SB Nation Blog
The Opponent in one sentence
Having underperformed expectations for the entire season, a wild card round victory might be what is needed to. save Aaron Boone’s job.
Up! Ever since they reeled off that 13 game winning streak, they’ve gone 10-14. However, they are 7-3 in their last ten and are coming off a sweep of the lowly Rangers.
9/24: Nathan Eovaldi vs. Gerrit Cole, 7:10 PM ET (ESPN)
There’s a lot of debate over whether Nathan Eovaldi is the ace of this staff or not. On a cumulative basis, there’s no one better. 173 2⁄3 innings of 3.58 ERA ball with his peripherals is worth a lot. The home run regression has come, but it hasn’t mattered as the damage he gives up on those shots are minimized because he rarely walks anyone. His strikeout rate has jumped to over 30% in the 2nd half, while he’s lowered his walk rate even further. He could be the guy you want on the mound for a Wildcard Game, even over Chris Sale.
If there were any concerns about Cole after the sticky stuff crackdown, they’re gone now as the strikeout and walk rates are still elite since the ban. He’s given up more hits than you’d like, but he’s still performing like a top-end starter and hasn’t shrunk into a corncob just yet. I was kinda hoping he would, but Cole is so much fun to watch when he’s on that it would be a shame if he was a total creation of Spider Tack.
9/25: Nick Pivetta vs. Nestor Cortes Jr., 4:10 PM ET (MLB Network for out-of-market)
Nick Pivetta’s second half ERA of 5.29 is more what we imagined when he was given a full-time rotation spot at the beginning of the year. There have been starts, even in the second half, where he’s looked dominant against good teams, but more often than not he gets blown up. An inability to throw quality strikes on a consistent basis will haunt him until he can routinely hit the edges of the strike zone, a skill that’s hard to develop in your late 20’s.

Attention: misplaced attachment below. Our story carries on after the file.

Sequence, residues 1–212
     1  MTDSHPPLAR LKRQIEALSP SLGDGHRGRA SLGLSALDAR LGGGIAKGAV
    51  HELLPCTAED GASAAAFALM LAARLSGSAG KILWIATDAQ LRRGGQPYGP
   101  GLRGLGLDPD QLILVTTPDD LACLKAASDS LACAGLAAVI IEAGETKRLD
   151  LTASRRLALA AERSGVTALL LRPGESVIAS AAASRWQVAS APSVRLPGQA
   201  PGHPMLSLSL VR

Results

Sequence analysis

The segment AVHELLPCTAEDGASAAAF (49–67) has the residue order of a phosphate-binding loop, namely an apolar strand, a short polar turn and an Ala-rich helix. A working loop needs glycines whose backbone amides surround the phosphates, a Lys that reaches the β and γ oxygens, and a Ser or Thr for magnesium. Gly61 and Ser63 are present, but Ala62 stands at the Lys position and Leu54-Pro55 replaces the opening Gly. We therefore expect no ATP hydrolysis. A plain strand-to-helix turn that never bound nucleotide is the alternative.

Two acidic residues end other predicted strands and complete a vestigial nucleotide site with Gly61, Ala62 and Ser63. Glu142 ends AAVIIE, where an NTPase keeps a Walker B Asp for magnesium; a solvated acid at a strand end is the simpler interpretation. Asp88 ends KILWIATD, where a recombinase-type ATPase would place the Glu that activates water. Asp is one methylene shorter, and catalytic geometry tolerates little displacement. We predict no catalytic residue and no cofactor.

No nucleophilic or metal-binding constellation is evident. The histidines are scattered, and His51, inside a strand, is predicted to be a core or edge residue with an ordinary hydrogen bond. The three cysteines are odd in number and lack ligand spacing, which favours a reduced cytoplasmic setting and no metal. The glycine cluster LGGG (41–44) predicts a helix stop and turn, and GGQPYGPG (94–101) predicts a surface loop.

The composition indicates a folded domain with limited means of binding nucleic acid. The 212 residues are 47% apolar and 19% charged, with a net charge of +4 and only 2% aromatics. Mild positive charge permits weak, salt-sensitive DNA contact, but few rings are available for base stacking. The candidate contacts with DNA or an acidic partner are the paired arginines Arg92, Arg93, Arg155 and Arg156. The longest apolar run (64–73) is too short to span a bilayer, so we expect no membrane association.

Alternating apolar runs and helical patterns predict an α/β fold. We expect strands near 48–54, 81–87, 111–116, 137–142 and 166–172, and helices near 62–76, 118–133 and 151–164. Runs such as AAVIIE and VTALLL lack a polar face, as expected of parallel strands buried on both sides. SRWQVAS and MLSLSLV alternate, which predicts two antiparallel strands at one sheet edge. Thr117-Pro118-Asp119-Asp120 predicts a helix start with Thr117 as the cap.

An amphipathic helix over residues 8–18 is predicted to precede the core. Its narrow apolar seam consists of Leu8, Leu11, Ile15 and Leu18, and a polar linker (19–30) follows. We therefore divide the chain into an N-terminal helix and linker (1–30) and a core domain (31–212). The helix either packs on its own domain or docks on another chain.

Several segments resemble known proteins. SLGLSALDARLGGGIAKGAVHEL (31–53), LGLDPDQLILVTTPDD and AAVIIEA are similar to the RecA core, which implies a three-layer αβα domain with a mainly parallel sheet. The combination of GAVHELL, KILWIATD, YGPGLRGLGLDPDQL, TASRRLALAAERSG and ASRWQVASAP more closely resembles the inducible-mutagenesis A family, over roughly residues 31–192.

Néstor Cortes rules. A deception fiend, Cortes gets an edge on hitters by changing the timing of his motion like Johnny Cueto and altering his arm slot much like former Red Sox reliever Tommy Layne. He is a junkballer with a well rounded arsenal where everything plays up. The fastball sits around 91, which is up significantly from last year in Seattle, and he mixes in a slider and curve with a change as a show me pitch. His curveball usage has increased dramatically in what has been a career year for him.
9/26: Eduardo Rodriguez vs. Jordan Montgomery, 7:08 PM ET (ESPN)
Eduardo Rodriguez still hosts the largest ERA - FIP difference in baseball (min. 130 innings). It’s been more of the same in September with excellent strikeout, walk, and home run rates, but allowing over a hit an inning. Eddy’s season will be interesting to look back on in the oncoming years. I believe pitchers play a role in the contact they allow. Teams do too, which is why I don’t give much credence to FIP, but outliers like this should be studied, especially when they’re not giving up hard contact all around the yard.
If Montgomery makes it through 5 2⁄3 innings on Sunday night, he’ll set a new high mark for his innings count in what’s been his best season since his 2017 rookie year. Montgomery has bounced back well from Tommy John and has fulfilled his ceiling as a major-league mid-rotation starter. Montgomery is a unique pitcher with his two primary pitches being secondaries. His changeup and curveball ride in the front while his sinker, four-seam, and cutter play second-fiddle.
Notable Position Players
DJ LeMahieu has had a down year at the dish. The standard for LeMahieu since becoming a Yankee has been MVP-caliber play, and he’s fallen well short of his new standard this year, posting a league average 100 wRC+. The 33-year-old plays all over the field, but has been manning the hot corner lately.
Anthony Rizzo has virtually xeroxed his line from the Cubs minus 20 points of slugging. He’s been a perfectly adequate first baseman for them, which is what they were aiming for when they traded for him.